These 2 Charts Show Why MOAA’s COLA Fight Must Continue

These 2 Charts Show Why MOAA’s COLA Fight Must Continue
Yuichiro Chino/Getty Images

Your cost-of-living adjustment of 5.9% is the largest in decades, and as that figure rises, the potential for Congress to leverage COLA reductions in your earned benefit to pay for other programs grows alongside it.


MOAA kept its members informed throughout the process, not just with monthly COLA Watch updates but related reading on inflation and the hard-fought history of the current COLA system. But in real numbers, what could a change to the system mean to your bank account – not just this year or next, but in the coming decades?


Let’s map out four scenarios, all with roots in COLA history:

  • COLA All: COLA as prescribed in law, no decrements – this charts the current system, made possible by a 1986 victory by The Military Coalition, a group formed in response to the 1985 COLA crisis and co-founded by The Retired Officers Association, which became MOAA in 2003.

  • No COLA for 5 years (1987-1991): What would’ve taken place had the Gramm-Rudman-Hollings Act, otherwise known as 1985 Balanced Budget and Emergency Deficit Control Act, remained on the books.

  • COLA-62+: This plan would’ve eliminated COLA until age 62, reinstating the adjustment from 62 forward with the addition of cumulative COLA percentages (but no back pay). This setup was recommended in a 2010 report by the National Commission on Fiscal Responsibility and Reform, a group of experts tasked by President Barack Obama to improve the nation’s fiscal situation.

  • COLA-62: Like the above plan, this setup would eliminate COLA until age 62, but with no adding back of cumulative COLA percentages – simply a restarted COLA. This was one of several COLA reductions considered by the George H.W Bush Administration in the early 1990s, per a January 2004 Congressional Research Service Report (Page CRS-6).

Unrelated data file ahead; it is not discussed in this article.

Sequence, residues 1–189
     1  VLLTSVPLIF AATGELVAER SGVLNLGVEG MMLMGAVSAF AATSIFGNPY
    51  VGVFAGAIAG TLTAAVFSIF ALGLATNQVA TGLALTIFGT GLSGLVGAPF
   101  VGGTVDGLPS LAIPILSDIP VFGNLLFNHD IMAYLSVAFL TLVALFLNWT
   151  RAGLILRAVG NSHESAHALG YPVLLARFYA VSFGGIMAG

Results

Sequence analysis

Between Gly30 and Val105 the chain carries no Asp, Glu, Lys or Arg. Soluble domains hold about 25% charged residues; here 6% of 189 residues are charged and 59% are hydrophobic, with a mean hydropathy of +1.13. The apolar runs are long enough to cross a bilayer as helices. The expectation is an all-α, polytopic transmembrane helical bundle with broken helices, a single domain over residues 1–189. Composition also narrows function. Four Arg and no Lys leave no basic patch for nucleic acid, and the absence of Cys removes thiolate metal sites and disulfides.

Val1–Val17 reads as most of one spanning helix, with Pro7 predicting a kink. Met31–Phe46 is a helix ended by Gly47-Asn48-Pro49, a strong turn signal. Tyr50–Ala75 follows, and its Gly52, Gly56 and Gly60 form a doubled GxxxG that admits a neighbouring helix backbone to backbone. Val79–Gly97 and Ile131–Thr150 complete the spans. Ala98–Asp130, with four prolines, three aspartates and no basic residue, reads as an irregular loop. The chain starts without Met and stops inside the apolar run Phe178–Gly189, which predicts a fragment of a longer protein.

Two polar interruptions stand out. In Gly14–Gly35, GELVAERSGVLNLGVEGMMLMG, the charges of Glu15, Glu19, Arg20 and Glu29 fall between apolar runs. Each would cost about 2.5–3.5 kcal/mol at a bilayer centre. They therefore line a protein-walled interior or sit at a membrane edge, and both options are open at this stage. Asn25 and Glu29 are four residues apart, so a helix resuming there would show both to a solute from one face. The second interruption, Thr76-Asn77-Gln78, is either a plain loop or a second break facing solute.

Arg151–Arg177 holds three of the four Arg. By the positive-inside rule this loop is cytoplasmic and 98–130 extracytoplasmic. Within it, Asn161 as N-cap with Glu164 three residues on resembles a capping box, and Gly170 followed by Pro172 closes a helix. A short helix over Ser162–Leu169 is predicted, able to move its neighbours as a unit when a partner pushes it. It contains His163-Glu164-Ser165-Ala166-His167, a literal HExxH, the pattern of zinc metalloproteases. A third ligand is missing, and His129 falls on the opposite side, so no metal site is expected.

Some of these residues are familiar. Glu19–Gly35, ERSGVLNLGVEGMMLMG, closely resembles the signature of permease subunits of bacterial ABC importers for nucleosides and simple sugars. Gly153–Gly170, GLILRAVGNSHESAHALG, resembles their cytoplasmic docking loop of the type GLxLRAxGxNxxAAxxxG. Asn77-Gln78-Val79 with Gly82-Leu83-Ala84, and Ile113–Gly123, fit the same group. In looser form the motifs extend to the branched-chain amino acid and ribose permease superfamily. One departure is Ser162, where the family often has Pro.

Many factors affect retirement pay, so it’s difficult to represent every retiree’s compensation in a single chart. But if we use the scenario of an O-5 retiring in 1987 after 20 years of service, plotting the impact over 34 years to the present day with actual Consumer Price Index (CPI) and COLA data through 2020, we get this yearly breakdown: 



But that chart doesn’t tell the whole story. The cumulative impact of these decrements is startling. Here’s what they’d look like between 1987 and 2020:



(Charts didn't load? Click here: Yearly | Cumulative)


From the case described above, the work of MOAA and the coalition stopping the planned 1985 changes saved this retiree over $200,000 over 34 years. Plans in play since then could’ve cost retirees even more money – you can see what the damage would’ve looked like for the past few decades, but with rising inflation, it’d be worse in future years.  


How can you join the fight? Stay tuned to and your newsletter for updates and potential calls to action, as MOAA continues its work with TMC to ensure all of our eight uniformed services continue to receive COLA increases per current legislation.


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About the Author

Col. Dan Merry, USAF (Ret)
Col. Dan Merry, USAF (Ret)

Merry earned his commission in 1989 through AFROTC and commanded DoD’s Port Mortuary at Dover AFB, Del. He has served in multiple overseas conflicts since the 1990s and has served as the Vice President of Government Relations since August 2016.